EM Bokashi (full version)

by: TeraGanix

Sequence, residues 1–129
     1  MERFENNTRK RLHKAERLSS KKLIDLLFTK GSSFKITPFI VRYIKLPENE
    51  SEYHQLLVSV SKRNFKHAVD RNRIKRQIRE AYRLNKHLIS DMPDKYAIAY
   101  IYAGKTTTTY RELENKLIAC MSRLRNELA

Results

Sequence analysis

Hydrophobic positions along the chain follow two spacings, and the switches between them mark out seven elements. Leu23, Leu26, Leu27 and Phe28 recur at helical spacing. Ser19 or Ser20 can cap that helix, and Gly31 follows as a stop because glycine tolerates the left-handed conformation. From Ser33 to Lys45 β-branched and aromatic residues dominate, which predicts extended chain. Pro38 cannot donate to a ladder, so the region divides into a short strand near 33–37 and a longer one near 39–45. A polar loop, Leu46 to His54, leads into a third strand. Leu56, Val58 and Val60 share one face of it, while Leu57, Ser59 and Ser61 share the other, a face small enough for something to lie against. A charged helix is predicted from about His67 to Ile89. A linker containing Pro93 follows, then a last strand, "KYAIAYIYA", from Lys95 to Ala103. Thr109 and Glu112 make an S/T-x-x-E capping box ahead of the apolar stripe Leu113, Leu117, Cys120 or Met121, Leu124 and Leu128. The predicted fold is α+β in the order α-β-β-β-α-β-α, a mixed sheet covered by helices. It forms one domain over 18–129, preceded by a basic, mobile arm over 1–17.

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how many people here recycle at home oh good number what kind of things do you recycle air box glass and cans okay we can have a soda cans we recycle paper paper you can recycle jugs of milk plastic money what about community so what happens to your food after lunch in the cafeteria if you don't finish it all what happens to great job doesn't garbage can yes go to the dump if you're like most Americans you generate close to four and a half pounds of garbage every day this adds up quickly